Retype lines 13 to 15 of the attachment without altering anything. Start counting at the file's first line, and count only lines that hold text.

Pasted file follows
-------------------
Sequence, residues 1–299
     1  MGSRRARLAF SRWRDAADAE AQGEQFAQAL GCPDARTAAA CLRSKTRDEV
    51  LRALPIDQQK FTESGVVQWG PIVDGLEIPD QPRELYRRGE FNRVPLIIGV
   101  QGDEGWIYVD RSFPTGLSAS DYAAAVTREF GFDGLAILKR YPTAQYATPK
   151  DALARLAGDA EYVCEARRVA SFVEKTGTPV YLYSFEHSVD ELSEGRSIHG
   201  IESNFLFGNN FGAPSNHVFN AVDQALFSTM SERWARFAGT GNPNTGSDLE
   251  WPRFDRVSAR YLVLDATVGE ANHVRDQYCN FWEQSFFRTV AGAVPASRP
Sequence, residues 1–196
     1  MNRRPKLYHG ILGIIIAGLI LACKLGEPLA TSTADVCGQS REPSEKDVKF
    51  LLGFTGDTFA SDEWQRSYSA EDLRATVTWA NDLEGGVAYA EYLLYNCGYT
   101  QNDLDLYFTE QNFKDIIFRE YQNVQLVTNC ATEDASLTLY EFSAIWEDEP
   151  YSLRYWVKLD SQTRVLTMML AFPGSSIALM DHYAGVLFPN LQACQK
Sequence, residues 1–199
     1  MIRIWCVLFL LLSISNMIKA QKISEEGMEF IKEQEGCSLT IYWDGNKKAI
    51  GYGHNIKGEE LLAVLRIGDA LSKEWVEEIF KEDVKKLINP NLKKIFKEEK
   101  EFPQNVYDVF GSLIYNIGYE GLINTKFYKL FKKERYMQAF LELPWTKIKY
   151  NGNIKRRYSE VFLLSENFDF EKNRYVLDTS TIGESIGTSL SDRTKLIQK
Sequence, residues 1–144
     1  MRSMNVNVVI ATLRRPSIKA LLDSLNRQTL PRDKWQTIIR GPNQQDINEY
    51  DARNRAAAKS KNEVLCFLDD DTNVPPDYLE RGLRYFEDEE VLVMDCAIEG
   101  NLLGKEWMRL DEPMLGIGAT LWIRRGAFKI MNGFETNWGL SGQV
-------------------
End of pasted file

Sequence, residues 1–199
     1  MIRIWCVLFL LLSISNMIKA QKISEEGMEF IKEQEGCSLT IYWDGNKKAI
    51  GYGHNIKGEE LLAVLRIGDA LSKEWVEEIF KEDVKKLINP NLKKIFKEEK